The Hillary Clinton email story is getting ugly, showing the nasty side of a longtime D.C. institution. Not Clinton herself, though. The political media. Political reporters are in an orgasmic frenzy at the chance to play out the tired narratives about the Clintons that they long ago bought from Republican operatives. They're outraged about the difficulties of getting last-minute press credentials at the United Nations. And because it's Hillary Clinton, they feel confident in explaining what's in her head, what this story Tells Us About Hillary, as if it's not a story that basically only a certain class of political reporter gives a shred of a damn about.
Take Ben Smith's Buzzfeed write-up, which begins with four paragraphs on the difficulty of getting press access to the U.N.
Feel bad for reporters who couldn't get credentials for the Hillary presser because they thought she was just talking about women, not email
Actually, Smith suggests, feel bad also for those who got in, because "The scene was a mess." Meanwhile, over at the Meet the Press
website, the crack team of Chuck Todd, Mark Murray, and Carrie Dann began by citing another reporter's view
that "What we learned yesterday is that Hillary Clinton hasn't changed a thing." What does that mean? "Folks, this is the Clinton Way. Secretive. Lawyerly. Dismissive of the press."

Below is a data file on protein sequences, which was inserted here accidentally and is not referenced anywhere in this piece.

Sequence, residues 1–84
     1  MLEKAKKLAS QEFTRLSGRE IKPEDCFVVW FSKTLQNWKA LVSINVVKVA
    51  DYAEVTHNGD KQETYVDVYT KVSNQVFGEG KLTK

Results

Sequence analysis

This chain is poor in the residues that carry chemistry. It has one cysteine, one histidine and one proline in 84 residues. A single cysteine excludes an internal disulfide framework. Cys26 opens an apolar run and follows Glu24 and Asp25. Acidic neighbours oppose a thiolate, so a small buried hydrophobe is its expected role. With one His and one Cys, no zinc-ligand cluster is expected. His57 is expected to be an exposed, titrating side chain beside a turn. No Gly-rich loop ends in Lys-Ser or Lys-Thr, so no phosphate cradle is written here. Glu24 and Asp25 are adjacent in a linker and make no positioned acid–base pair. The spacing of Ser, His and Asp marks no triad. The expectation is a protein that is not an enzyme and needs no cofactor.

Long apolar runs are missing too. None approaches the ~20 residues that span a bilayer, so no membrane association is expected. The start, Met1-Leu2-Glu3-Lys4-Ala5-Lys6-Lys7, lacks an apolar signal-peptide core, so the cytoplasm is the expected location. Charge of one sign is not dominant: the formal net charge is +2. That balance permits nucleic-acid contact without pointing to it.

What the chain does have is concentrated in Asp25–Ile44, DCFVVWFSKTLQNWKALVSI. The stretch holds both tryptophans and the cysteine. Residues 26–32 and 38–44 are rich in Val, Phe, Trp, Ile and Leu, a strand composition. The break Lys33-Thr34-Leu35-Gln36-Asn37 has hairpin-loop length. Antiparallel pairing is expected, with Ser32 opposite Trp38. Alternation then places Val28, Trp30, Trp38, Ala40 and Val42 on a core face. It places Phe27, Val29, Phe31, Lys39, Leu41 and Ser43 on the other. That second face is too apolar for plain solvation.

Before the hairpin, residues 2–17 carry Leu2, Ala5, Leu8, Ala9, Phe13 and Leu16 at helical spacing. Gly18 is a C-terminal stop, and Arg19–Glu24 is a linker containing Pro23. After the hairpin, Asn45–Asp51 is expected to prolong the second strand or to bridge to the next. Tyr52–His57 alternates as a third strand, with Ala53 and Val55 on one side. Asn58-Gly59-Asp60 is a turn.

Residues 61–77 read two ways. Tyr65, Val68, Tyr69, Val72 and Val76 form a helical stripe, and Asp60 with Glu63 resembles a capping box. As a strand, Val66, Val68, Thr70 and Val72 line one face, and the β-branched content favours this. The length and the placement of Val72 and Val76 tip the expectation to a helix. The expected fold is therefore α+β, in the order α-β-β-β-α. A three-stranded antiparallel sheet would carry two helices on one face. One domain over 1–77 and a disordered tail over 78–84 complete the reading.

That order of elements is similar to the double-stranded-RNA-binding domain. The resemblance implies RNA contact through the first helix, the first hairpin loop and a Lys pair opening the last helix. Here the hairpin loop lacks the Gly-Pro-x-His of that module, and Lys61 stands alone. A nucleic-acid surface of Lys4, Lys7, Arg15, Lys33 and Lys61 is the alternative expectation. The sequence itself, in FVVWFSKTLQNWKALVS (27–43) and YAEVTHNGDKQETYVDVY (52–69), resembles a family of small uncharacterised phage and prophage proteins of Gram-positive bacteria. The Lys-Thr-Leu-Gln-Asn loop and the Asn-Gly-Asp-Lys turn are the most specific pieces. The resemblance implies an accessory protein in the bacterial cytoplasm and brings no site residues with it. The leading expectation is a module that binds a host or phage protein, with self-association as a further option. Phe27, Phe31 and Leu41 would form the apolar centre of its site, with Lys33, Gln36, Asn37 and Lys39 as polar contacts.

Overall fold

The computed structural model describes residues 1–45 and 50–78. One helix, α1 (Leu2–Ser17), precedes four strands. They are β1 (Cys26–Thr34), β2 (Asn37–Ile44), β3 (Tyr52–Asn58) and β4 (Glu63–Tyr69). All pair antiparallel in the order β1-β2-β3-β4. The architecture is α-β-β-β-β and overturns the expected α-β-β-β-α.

Dare I suspect that maybe the "dismissive of the press" part is what they really care about? Ben Smith also touched on that, writing that "she soldiered through Tuesday, looking at the press pack with undisguised dislike."
Serious question, guys: Watching this media circle jerk, who the fuck could blame her? I'm not some giant Clinton fan, but the spectacle of hundreds of reporters wetting themselves over this nothing-burger of a story inspires visceral disgust. A tinge of shame at being a person who writes about politics, even though I do so from outside this system. The most visible thing here is the glaring entitlement of the media. Take the smugness of, for instance, the New York Times' Maggie Haberman's tweet that "If the goal was to [...] wear out reporters, that didn't happen." No, Beltway political reporters are infinitely energized by a Clinton personality story. They will never be worn out with that red meat to feed on. But stories that matter ... those they all too frequently get all jaded about, and let slide without serious investigation. Ben Smith, again, with yet another invocation of a reporter as the true expert about this story:
Across some 10 feet of brown carpet, some 200 reporters and more than 25 cameras gathered — the biggest crowd assembled here since, one veteran correspondent wagered, the run-up to the Iraq War in 2003.
Ah, yes, the run-up to the Iraq War in 2003. Talk about the other side of the coin when it comes to political reporters' intensity, excitement, and doggedness in covering a story. And that, guys—well, that and the fact that apparently the profession decided en masse that Hillary Clinton's email is more important than anything that happened at the U.N. in the past 12 years—is a great capper on how bad this whole story is making you look.
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